Vladimir Nabokovs novels ask readers to distinguish between objective and interpretive truths as they sift through evidence provided by the narrators. Lolitas Humbert, Pale Fires Kinbote, and Adas Van create unreliable hybrids that are implicitly contrasted with Nabokovs own unification of his cultural worlds. Humbert, Kinbote, and Vans failed hybridizations teach us the power as well as the limits of interpretive truths: their self-serving readings of their surroundings are an education in the (limited) flexibility of the physical world and imply the possibility of a transcendent synthesis of the personal and the national. Nabokovs novels use the interplay between constructed and objective truths to renegotiate the relationship between geography and culture. In Lolita, landscape participates in the narrative, first contradicting Humberts romantic claim to unite Europe and America and then providing glimpses of better hybrid worlds beyond the scope of Humberts imagination. (Trousdale 37)

Lolita (1955)
Nabokovs Americaswhich he had to invent to write Lolitashow the degree to which fiction can affect our understanding of real places and demonstrate how historical and cultural narratives are amenable to reconstruction and reinterpretation.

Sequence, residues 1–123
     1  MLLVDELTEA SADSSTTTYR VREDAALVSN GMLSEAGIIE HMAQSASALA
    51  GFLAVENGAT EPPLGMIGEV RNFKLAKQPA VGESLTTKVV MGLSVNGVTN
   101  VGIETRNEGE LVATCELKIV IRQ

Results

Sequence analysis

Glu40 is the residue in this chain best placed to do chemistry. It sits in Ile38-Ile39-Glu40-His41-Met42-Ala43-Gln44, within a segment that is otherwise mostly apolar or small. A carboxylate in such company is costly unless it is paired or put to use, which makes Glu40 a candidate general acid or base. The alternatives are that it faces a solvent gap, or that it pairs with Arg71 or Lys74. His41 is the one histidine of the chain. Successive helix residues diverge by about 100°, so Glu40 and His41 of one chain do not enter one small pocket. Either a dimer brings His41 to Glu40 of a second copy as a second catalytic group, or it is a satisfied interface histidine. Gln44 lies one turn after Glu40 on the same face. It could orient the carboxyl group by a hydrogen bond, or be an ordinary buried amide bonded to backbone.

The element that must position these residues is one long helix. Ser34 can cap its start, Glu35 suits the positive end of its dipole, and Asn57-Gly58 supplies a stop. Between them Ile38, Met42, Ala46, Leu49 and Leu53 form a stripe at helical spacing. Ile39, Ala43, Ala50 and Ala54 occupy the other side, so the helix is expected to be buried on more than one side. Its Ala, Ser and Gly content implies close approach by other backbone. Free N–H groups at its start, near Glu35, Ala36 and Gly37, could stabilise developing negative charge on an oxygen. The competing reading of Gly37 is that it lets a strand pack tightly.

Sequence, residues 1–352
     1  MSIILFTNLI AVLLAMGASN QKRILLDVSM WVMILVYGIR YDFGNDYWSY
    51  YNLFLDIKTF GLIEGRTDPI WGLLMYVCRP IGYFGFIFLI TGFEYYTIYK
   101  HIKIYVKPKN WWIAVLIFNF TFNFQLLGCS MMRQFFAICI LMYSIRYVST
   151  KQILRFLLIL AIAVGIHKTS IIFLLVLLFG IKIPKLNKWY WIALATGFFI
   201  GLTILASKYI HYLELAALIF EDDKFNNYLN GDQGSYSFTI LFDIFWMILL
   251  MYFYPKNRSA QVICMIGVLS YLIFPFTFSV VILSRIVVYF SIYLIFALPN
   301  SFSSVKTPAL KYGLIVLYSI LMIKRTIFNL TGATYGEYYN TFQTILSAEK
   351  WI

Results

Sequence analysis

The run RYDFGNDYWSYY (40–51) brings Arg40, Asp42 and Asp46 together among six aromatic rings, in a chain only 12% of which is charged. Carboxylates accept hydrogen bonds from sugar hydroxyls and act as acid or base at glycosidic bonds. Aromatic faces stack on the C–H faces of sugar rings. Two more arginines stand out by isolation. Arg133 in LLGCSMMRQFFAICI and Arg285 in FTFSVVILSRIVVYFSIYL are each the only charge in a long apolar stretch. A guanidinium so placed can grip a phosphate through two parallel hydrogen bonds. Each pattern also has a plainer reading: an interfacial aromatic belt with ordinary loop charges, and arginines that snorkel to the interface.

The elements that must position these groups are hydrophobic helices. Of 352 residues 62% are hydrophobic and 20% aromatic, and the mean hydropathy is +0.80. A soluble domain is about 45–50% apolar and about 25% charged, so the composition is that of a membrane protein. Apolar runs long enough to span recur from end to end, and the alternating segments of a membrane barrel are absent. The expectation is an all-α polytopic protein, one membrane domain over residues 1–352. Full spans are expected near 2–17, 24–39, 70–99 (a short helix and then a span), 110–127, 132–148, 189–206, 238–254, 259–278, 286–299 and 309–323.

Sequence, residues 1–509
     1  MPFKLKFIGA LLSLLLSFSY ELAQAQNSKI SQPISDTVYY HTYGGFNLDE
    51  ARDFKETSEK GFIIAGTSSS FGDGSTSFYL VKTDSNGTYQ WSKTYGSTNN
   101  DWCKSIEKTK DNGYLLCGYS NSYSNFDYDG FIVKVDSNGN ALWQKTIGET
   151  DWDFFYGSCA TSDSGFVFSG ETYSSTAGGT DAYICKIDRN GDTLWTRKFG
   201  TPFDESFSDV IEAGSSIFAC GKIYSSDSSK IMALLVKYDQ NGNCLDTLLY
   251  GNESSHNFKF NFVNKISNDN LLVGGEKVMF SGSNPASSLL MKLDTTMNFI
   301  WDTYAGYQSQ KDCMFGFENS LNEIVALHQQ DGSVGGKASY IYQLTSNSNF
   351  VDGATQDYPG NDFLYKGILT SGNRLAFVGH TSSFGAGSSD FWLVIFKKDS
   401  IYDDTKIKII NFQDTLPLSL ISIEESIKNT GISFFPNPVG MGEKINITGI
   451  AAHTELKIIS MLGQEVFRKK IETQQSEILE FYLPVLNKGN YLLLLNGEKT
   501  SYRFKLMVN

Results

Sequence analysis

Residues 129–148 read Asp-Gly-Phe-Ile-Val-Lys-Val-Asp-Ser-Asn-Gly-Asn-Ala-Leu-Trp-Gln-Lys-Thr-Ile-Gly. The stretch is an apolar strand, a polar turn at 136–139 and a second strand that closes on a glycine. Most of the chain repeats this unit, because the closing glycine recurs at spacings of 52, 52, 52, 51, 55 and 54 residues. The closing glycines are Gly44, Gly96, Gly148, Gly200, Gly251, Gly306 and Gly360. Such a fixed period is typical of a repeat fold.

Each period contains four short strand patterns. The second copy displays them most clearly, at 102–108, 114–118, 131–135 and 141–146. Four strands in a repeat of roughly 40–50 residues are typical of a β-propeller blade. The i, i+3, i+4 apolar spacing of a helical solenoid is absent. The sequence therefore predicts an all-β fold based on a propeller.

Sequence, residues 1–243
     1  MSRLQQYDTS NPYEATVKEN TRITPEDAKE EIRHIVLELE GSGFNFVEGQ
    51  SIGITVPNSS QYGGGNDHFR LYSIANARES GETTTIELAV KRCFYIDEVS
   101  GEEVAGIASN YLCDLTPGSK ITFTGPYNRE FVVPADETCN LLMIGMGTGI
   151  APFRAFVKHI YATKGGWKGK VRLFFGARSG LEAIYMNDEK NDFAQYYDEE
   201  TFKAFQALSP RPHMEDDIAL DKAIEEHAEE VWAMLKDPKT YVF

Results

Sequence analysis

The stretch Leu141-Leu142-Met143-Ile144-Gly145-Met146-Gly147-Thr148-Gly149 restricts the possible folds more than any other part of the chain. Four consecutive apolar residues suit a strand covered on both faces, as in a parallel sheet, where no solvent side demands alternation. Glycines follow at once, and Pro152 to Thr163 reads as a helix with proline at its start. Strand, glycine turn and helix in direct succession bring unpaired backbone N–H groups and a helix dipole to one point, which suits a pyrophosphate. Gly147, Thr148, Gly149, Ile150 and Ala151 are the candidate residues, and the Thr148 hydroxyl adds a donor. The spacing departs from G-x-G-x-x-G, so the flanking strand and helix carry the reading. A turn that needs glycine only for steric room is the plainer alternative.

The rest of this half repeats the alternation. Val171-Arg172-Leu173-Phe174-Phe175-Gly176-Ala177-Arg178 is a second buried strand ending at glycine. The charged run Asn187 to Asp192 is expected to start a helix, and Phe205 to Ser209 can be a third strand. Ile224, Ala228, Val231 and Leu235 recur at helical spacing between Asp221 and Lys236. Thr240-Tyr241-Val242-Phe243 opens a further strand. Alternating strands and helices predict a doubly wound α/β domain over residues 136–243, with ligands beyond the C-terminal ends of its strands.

While the natural world does not respond to the impositions of the worldfashioning narrator, America is already a real-world locus of cultural synthesis as well as the subject of a panoply of utopian visions and national discourses. (Trousdale 38)
America becomes the site of Nabokovs syntheses in Lolita, Pale Fire, and Ada in order to establishand begin to solvea fundamental problem facing transnational writers: how to bring their physical surroundings and their imaginary worlds into dialogue. This sited union of the physical and the imaginary is both an end in itself and a step toward Nabokovs more unusual rejection of linear timeFor Nabokov, America, more than any other country, provides a meeting point for old and new worlds. (Trousdale 38)

Lolita (1955)
Self-less-ness as self-effacement and self multiplication, as reflection; motif of the double.
the pseudonym of the narrator Humbert Humbert, and its fictional evil double, Clare Quilty.

Decanonization - as a burlesque of the Romantic Doppelgnger . With the same device one finds elements of intertextuality : complex relationship between Humbert and Clare Quilty.
In modelling Quilty on the Doppelgnger of the Gothic tale, Nabokov invokes R.L.Stevensons Dr.Jekyl and Mr.Hyde, Hans Christian Andersens The Shadow and Poes William Wilson.

Lolita (1955)
Poe is everywhere in Lolita : Humberts lost love is called Annabel Lee and he often identifies himself with A.Gordon Pym. Humbert calls himself once Edgar H.Humbert. Clare Quiltys mouldering mansion, Pavor (Lat. for panic) Manor burlesques Poes falling House of Usher. In the same postmodernist spirit Nabokov has rejected a romantic or trans-cendental notion of self ; another of Humberts jocose appelations is Jean Jacques Humbert. The unified, definitive self is a joke to Nabokov. He accepts the fragmentation, and he lets Humbert define himself however he must.

Lolita (1955)
Transnational writers frequently address the problems of missed references and of zone like juxtapositions by setting their texts in overtly alternate worlds. These may be: